Here's a fun little note I just found while organizing my desk. I discovered this proof during a class on infinite series last summer. The professor mentioned the limit of the alternating harmonic series, then commented offhand that "this limit is true, but we cannot prove it yet." Never one to shy from a challenge, I decided to see whether he was right, and had roughly this proof scrawled on a piece of paper by the end of class. He suggested that I try to publish it in an undergrad journal, but that didn't pan out for various reasons. Nevertheless, it's a fun proof, and I wasn't able to find it anywhere online, so I thought I'd share it here.

The alternating harmonic series is defined as

which, of course, is just the harmonic series with the sign of every other term flipped.

It is well known that the harmonic series diverges. Slightly less well known is that the alternating harmonic series converges to a very clean limit -- strangely enough, it turns out to be ln 2. This fact, if it comes up, is usually proved just as a trivial consequence of the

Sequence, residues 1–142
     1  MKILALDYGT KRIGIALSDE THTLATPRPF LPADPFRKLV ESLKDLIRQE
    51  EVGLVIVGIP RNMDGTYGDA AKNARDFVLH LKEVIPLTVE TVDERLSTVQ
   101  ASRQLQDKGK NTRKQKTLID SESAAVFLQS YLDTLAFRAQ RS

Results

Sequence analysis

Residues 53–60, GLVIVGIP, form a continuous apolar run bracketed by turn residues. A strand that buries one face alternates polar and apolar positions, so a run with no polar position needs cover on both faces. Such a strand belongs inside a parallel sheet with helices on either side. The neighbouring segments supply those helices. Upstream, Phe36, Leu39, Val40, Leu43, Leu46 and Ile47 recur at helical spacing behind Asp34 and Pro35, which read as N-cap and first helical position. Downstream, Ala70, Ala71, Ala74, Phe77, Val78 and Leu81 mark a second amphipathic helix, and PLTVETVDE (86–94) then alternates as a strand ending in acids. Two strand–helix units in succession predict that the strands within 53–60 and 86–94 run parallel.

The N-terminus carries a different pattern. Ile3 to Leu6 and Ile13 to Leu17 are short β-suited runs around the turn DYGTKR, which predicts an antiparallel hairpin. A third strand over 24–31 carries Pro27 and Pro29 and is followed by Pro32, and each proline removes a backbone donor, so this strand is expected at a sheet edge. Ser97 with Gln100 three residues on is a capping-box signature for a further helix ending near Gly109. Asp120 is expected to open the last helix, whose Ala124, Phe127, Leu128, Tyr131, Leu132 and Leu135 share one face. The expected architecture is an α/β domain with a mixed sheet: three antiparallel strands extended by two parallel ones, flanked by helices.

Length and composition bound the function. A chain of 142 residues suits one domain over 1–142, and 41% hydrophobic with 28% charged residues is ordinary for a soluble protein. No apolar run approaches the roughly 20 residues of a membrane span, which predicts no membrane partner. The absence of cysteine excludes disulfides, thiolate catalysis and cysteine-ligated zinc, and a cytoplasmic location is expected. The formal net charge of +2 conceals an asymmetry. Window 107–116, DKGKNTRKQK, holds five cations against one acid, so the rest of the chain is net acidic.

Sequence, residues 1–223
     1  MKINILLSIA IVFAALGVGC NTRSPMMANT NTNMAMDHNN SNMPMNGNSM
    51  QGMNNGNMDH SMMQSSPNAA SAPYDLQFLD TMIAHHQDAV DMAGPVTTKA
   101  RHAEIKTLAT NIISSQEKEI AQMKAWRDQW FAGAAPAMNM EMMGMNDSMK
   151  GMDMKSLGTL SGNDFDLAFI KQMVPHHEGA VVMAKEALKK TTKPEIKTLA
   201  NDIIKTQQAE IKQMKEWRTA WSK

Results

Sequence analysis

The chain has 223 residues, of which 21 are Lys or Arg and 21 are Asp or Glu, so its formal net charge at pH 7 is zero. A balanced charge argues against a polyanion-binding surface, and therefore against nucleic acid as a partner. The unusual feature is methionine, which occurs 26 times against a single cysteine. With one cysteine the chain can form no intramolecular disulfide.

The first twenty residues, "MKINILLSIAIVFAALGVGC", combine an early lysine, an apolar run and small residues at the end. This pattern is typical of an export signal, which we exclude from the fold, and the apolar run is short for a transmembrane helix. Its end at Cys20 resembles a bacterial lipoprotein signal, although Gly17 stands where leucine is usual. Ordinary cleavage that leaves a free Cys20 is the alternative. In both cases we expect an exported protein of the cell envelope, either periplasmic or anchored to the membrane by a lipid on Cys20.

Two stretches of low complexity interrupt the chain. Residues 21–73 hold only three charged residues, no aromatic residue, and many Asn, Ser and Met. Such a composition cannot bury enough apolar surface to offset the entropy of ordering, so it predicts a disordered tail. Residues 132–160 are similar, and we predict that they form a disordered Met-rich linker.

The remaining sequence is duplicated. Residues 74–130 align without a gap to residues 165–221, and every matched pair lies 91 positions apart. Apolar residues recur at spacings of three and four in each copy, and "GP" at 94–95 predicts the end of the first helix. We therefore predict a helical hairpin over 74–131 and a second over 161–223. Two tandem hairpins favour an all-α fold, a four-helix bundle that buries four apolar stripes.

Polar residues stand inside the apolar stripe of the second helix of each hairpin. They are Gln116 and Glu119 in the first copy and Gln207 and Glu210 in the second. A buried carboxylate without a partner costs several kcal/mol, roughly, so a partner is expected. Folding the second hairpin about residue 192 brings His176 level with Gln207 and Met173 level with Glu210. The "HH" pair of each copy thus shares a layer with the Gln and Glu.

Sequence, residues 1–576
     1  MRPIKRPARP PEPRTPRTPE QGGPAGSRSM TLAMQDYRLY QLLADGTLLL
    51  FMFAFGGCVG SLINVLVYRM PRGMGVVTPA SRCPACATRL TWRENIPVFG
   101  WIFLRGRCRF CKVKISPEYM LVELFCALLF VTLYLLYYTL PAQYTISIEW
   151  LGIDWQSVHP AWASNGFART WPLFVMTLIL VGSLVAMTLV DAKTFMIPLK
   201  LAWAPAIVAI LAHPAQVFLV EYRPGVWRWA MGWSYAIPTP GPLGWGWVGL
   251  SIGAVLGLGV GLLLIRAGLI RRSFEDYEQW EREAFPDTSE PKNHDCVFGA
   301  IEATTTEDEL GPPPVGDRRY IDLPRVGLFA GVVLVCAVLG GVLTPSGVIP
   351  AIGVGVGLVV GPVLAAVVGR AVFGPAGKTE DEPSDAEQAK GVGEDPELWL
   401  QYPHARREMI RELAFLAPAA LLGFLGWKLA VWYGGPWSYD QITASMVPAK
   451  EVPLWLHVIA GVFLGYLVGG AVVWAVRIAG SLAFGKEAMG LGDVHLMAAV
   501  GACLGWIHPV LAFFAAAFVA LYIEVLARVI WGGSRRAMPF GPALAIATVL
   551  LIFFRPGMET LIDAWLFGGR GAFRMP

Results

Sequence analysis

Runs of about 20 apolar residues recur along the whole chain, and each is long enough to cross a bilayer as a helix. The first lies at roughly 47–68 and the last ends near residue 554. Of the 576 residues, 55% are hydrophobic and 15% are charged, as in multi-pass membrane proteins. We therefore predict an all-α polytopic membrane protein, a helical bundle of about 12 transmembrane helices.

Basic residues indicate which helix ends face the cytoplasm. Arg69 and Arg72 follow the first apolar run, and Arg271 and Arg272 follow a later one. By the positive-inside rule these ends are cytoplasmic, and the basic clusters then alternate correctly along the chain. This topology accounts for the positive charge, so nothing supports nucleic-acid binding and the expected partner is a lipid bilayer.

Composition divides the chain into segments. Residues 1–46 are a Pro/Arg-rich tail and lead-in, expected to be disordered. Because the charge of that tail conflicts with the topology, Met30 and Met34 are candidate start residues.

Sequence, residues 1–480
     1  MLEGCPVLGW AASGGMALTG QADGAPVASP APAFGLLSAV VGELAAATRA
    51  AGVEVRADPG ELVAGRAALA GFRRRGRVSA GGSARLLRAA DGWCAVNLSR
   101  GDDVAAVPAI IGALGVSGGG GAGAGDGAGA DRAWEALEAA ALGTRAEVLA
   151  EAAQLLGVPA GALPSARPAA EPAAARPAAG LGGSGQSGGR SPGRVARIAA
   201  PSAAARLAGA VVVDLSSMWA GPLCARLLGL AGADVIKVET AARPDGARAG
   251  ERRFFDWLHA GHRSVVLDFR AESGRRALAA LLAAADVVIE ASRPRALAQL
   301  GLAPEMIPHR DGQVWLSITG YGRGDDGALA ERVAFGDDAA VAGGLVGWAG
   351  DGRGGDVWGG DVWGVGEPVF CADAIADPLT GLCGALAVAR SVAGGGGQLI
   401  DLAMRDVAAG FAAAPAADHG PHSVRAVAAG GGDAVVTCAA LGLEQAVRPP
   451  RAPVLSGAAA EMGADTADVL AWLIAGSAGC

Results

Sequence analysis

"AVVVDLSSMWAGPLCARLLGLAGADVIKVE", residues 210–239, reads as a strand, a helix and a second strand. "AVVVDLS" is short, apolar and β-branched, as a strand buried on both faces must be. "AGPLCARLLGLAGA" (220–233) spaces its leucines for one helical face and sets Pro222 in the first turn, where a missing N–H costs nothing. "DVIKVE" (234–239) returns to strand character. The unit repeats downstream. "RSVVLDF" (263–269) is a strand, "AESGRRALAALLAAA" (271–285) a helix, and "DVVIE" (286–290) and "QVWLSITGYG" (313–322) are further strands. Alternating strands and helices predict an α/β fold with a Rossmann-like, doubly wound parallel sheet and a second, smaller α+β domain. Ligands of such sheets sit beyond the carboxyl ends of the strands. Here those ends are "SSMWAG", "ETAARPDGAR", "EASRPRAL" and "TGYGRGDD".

Euler-Mascheroni constant's most common identity. Not only is that proof beyond the reach of many undergrads, it's also so trivial as to border on inane. It's like using a sledgehammer to pound in a nail: of course it works, but is it really the best way? Someone pass me a hammer.

Consider the following series: